Bottled and Barrel-Aged Cocktails, Eastlake Brewing, 11 Wells MN13
This month’s Toast features the sophisticated winter cocktail menu at Lyn 65 plus news of bottled cocktails. Enjoy a look at Midtown Global Market’s brand new Eastlake Brewery, and get acquainted with 11 Wells distillery.
Winter Cocktails at Lyn 65
A strip mall is not the place you’d expect to find remarkable beverages or creative, flavorful cooking, but at Lyn65, you will find both, and their bar program is getting serious results.
Immediately upon entering, we could see several small wooden barrels in the dining room, which is flanked by a substantial bar at which each stool was occupied.
The restaurant’s winter cocktail list debuts this week, and for the first time it highlights the barrel-aging program implemented by bar manager and co-owner Travis Serbus. The barrel aging of cocktails is catching on because it enhances flavor and adds depth, as it does for a Chardonnay or Russian imperial stout.
Serbus explains that two classic French drinks, a Vieux Carré and Boulevardier, have spent the last 6 to 8 months developing in virgin oak barrels. The barrels will be re-used, infusing additional flavor into a second generation of beverages.
For depth of flavor and pleasant spice, try the barrel-aged Vieux Carré. As one sips, a pleasant scent of anise and lemon becomes evident among the flavors of aromatic bitters and softened booze. The effects of aging on cocktails is not unlike what happens when you slow cook food — flavors are mingled and sharpness fades.
Two year-round cocktails stood out, as well, not only for their superb flavor but also for their creative ingredients. The Cook Cut Stab Kill, an orange-marmalade twist on a whisky sour, is a textural delight featuring deep orange notes rather than pungent tartness. As a counterpoint to a heavy winter beverage, go with the Tijuana Brass Smash (above). Mild avocado and lime may sound like liquid guacamole, but they come into perfect balance thanks to cucumber vodka.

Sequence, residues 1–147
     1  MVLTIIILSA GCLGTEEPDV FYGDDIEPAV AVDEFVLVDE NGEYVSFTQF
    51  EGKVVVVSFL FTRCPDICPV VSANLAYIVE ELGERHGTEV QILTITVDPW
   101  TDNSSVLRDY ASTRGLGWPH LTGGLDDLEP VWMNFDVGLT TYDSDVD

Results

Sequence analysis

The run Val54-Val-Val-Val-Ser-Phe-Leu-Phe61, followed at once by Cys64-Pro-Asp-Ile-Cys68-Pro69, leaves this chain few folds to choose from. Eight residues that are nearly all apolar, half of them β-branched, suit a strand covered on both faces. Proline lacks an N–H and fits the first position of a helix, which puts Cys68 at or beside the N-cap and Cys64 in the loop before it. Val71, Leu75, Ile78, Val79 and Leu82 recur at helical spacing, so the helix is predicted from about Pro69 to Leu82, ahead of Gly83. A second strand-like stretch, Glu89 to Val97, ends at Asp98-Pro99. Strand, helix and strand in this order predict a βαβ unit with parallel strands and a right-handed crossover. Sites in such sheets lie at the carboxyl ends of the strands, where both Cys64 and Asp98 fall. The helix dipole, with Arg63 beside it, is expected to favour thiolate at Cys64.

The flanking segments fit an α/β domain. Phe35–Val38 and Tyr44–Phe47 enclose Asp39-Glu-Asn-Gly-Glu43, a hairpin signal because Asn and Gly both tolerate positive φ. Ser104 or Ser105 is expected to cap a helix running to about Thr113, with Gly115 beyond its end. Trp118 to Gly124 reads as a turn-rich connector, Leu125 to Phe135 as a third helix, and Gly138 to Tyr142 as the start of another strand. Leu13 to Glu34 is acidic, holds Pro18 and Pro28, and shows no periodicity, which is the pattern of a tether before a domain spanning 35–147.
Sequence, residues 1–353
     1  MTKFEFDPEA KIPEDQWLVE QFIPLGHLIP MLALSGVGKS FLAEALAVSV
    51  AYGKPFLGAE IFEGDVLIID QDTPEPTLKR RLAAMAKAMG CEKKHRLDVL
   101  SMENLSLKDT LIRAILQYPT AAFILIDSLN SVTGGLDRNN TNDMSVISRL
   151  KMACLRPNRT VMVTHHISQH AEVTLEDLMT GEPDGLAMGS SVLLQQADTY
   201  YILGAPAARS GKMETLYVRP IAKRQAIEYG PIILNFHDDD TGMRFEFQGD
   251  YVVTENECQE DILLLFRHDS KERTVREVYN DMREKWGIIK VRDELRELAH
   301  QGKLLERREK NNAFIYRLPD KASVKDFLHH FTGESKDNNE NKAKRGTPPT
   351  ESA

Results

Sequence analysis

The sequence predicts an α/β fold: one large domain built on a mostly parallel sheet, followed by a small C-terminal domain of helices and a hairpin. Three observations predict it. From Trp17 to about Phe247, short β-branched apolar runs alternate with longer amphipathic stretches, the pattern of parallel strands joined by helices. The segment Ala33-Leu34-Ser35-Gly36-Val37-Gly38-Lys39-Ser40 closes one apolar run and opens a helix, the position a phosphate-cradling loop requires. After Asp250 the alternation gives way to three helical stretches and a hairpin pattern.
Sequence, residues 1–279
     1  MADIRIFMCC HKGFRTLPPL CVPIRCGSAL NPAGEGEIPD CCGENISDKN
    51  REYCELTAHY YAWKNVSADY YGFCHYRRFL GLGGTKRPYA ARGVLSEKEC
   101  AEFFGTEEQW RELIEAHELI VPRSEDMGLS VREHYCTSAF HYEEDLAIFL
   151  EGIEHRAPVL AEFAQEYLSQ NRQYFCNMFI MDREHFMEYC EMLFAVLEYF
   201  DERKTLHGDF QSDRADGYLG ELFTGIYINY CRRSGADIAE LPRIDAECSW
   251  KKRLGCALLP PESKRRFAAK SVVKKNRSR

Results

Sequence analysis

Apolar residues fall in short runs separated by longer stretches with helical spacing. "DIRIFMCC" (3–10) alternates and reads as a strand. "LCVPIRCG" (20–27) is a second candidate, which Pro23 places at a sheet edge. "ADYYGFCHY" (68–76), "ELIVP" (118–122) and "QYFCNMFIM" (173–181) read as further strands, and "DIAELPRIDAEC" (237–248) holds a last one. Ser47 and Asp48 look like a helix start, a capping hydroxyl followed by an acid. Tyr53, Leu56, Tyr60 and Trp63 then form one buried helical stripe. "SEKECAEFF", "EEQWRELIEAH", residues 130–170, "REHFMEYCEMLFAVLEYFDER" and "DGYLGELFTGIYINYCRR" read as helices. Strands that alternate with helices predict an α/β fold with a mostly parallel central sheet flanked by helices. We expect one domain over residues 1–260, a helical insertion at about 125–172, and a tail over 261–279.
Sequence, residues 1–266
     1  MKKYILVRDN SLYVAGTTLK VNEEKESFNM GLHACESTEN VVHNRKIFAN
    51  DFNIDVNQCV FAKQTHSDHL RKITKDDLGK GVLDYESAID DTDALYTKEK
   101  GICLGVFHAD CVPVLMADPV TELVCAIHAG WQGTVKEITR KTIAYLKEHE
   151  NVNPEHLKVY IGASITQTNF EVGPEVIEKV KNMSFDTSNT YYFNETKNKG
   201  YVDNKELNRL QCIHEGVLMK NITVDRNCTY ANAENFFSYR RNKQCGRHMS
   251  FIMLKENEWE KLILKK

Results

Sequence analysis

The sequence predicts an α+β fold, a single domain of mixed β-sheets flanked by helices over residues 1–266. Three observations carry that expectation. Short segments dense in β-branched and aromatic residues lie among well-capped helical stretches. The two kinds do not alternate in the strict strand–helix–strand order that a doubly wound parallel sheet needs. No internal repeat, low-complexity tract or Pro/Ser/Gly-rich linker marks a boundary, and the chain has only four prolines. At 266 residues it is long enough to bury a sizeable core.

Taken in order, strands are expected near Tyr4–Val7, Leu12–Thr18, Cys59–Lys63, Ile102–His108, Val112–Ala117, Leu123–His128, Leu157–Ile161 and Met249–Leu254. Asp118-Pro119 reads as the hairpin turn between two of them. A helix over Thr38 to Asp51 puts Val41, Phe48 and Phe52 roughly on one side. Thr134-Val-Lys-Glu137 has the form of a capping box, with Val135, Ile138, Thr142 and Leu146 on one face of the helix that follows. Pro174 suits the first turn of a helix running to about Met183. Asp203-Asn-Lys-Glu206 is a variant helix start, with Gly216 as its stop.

While large-batch and kegged cocktails are not uncommon (and can be found at The Rabbit Hole and Icehouse, for example), maturation in wooden barrels is done at only a few local places, including W.A. Frost and Sea Change. The noteworthy beverages we sampled make Lyn 65 a destination for drinkers.
11 Wells Distributes Minnesota 13
Located in the former blacksmith building of the historic Hamm’s Brewing complex, which was used for brewing from 1865 until after prohibition, is the new distillery, 11 Wells, founded by Bob McManus and Lee Egbert. Egbert is the proprietor of Dashfire bitters, and McManus is a business analyst and microbiologist. Their complementary backgrounds set up 11 Wells to become a household name in the alcohol realm. The company’s title comes from the 11 wells that were used as a source during Hamm’s reign. The same water goes into the new generation of beverages created in the gritty space. The two owners have obtained the rights to brew Minnesota 13, a historic spirit whose heyday was Prohibition.
Minnesota 13, the name of the grain behind the drink, is a hearty corn developed at the University of Minnesota for a short growing season. As the story goes, moonshiners in Stearns County became infamous for producing a barrel-aged booze with Minnesota 13 that reportedly displayed higher quality than most other bootlegged spirits in the nation.
As you may imagine based on the location, name, and flagship product, 11 Wells is committed to staying rooted in history and local tradition, and they’ve put much effort into growing the prohibition-era corn variety and developing historic recipes into a beverage that will appeal to the modern palate.